GOVERNMENT has set March 16 as the date for the referendum on the draft Constitution, Constitutional and Parliamentary Affairs Minister Eric Matinenga announced yesterday. "On my way from Mvurwi (in Mashonaland Central) I learnt that the Office of the President was looking for me.
"I was then advised through the Minister who stood in for me at that meeting that the principals wanted to convey to me that tentatively the referendum will be held on the 16th of March."
He said the referendum was likely to be held over two days if principals in the inclusive Government accepted his proposal.
Minister Matinenga said two days would allow people to express their will.
"I am trying to gain audience with the powers that be and try to argue with them for a two-day referendum," he said.
"In 2000, it (the referendum) was two days. If we were so mechanised, then you could say one day is sufficient," Minister Matinenga said.
He said his ministry had started publicity campaigns countrywide to explain the contents of the draft constitution to the people and expressed hope that at least two meetings will be held in every province.
He said the draft Constitution would be publicised in the Government Gazette for wider publicity.
"Any document of this nature must be officially publicised. On publication, in legal terms, is publication in the Government Gazette," said Minister Matinenga.
"Our intention as a ministry is to have this draft published on Friday (tomorrow) so that at least from a legal point of view it becomes a publication for the whole world.
"What it, therefore, means is that not only must we publish that draft by Friday, but that we must also do a proclamation with the President's signature again to be published by the same day." Minister Matinenga said the decision to announce referendum dates was not only technical, but political as well.
He said after the referendum, the draft would be taken back to Parliament to constitutionalise the Constitution Bill.
Minister Matinenga said the publicity campaign for the draft constitution would end on March 1 after which they would not entertain any new proposals.
For the purposes of publicising the draft constitution, Minister Matinenga suggested that the country suspends laws such as the Public Order and Security Act that requires people to apply for clearance from the police to hold public gatherings.
"In order to be liberal, it is important that we suspend these strictures to achieve what we want," he said.
Finance Minister Tendai Biti told parlimentarians in the Lower House yesterday that the United Nations had responded to Government's request for funds (US$250 million) to finance the referendum and the harmonised polls.
This followed a request by the Government for the UNDP to help source the funds.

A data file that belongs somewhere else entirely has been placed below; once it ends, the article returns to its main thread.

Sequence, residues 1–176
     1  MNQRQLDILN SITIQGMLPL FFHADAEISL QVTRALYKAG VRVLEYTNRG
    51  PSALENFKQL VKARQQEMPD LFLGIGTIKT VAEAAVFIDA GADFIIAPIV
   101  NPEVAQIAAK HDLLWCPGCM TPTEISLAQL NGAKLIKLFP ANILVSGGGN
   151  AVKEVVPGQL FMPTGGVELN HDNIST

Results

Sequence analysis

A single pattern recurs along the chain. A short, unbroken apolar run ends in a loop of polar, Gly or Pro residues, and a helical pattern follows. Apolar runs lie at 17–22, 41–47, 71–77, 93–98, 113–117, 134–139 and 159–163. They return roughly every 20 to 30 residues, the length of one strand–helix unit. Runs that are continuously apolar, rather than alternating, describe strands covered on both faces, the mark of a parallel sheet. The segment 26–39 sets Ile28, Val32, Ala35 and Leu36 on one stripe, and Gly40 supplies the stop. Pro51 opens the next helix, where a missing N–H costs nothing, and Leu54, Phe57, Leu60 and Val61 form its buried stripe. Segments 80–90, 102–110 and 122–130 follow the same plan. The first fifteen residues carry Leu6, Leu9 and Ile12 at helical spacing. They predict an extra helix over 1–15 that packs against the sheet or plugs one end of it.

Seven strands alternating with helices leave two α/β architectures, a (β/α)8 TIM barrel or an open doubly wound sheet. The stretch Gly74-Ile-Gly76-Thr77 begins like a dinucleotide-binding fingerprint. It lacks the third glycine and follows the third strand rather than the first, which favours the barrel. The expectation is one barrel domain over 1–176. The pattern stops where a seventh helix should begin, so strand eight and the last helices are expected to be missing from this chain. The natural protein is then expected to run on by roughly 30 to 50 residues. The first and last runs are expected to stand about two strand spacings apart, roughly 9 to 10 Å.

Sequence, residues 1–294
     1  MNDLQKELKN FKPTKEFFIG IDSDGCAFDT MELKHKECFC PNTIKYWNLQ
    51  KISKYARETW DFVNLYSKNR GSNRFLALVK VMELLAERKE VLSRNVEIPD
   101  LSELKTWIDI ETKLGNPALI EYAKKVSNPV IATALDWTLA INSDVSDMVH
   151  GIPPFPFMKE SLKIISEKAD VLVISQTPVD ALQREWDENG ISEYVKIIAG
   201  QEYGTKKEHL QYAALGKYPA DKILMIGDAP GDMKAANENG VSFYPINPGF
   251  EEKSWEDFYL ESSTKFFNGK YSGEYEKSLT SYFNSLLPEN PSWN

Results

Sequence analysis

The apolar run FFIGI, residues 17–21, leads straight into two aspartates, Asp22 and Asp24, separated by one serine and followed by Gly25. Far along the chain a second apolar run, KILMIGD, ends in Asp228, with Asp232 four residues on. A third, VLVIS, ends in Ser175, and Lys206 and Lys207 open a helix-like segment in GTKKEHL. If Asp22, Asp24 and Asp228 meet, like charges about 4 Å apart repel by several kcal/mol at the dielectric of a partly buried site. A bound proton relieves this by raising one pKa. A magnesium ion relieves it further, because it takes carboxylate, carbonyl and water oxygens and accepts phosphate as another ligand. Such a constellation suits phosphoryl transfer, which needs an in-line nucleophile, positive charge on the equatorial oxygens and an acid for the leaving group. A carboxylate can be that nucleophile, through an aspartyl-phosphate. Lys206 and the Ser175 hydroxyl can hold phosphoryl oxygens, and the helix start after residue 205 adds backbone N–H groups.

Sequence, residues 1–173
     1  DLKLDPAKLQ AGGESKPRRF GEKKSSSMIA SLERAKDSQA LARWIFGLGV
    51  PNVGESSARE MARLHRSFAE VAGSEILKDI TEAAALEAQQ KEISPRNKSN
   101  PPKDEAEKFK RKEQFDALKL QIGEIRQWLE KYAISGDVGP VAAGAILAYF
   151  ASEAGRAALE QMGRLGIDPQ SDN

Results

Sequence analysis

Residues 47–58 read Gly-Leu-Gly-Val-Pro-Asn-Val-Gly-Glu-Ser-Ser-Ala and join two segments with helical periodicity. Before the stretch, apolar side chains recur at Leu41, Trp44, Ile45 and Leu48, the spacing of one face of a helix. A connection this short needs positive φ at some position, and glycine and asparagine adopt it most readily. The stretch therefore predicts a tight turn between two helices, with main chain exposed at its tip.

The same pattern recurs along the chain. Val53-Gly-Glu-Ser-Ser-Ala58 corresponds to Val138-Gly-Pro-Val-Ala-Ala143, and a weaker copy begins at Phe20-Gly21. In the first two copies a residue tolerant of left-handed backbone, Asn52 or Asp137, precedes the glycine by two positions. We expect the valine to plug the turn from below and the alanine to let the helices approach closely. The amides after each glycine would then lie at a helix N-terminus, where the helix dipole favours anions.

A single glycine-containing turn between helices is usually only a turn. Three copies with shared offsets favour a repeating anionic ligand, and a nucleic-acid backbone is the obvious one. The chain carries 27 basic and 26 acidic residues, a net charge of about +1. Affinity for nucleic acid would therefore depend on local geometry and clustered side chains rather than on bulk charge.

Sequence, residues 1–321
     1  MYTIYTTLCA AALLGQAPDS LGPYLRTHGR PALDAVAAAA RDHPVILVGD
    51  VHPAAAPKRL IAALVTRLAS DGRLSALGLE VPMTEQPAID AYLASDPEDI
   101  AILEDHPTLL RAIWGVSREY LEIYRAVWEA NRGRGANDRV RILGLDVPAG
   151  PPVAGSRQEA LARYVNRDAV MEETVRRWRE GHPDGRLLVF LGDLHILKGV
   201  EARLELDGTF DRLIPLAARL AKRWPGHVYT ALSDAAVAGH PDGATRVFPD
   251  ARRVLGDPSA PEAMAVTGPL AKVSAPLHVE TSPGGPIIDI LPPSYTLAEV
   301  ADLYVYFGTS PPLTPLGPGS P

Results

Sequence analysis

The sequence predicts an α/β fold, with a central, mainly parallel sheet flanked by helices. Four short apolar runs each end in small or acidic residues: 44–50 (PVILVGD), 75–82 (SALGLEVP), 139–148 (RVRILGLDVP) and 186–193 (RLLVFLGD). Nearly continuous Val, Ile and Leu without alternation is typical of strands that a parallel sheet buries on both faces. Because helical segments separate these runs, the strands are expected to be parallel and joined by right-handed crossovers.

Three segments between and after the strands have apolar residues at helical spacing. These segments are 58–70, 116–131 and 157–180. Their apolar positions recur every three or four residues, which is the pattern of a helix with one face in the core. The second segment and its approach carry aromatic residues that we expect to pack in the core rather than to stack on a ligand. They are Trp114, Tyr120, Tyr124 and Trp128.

Minister Biti was responding to Redcliff legislator Mr Settlement Chikwinya on whether or not funds for the two events had been secured.
"What we have done through the directions of principals is that we have begun a massive fundraising campaign and on February 4 we co-authored together with Minister (Patrick) Chinamasa to the UN requesting funding for the referendum and the general elections," he said.
"I am happy to inform the House that on the 8th of February we had a response from the UN inviting us to mention the ABC's of the request. The other measures we have taken include the disposal of the family souvenir although I am not going to mention what exactly and have taken additional fiscal measures."
The Zimbabwe Electoral Commission requires US$85 million for the referendum and US$107 million for the general elections.
Copac announced yesterday that at least 90 000 copies of the proposed supreme law would be distributed in the country's districts as from Monday next week.
The plan was announced at a half day public awareness workshop for parliamentarians.
In his address to the MPs, Copac member and Deputy Minister for Education, Arts, Sports and Culture, Lazarus Dokora said Copac had identified the offices of provincial and district administrators as one avenue to publicise the document.
"Copac will liaise with PAs and DAs and seek assistance in distributing the draft," he said. "The administrators will be requested to ensure that they distribute the copies to representatives of all key sectors in their districts and provinces."
Printing of the draft is in progress and of the 90 000 copies being printed 20 000 would be in various local languages, while 70 000 would be in English.
Deputy Minister Dokora said Copac was producing an abridged version of the draft that would be distributed during the publicity campaign.
"Each district will receive a minimum of 500 copies of the draft constitution for distribution and these will include English and local languages," he said.
Parliamentarians would receive 20 copies for distribution in their respective constituencies, while Copac intends to translate 500 copies into braille.
Some MPs became rowdy towards the end of the workshop and nearly disrupted the vote of thanks delivered by Kadoma representative Ms Editor Matamisa, demanding to know if they would be paid for carrying out the awareness drive and campaign for a yes vote.
Copac officials told them that they were hamstrung financially and were not in a position to pay them.
Zanu PF co-chairperson Cde Paul Mangwana said it was the duty of every parliamentarian to publicise the document and campaign for a yes vote.
"Every member (of Parliament) has an obligation to conscientise members of the public and any other stakeholders in their constituencies of the provisions of the draft," he said.
"You are expected to know by heart the provisions of the constitution so that if you are asked by anyone about its provisions you are able to explain to them."
Deputy Speaker of the House of Assembly Ms Nomalanga Khumalo said there was no need for a no vote.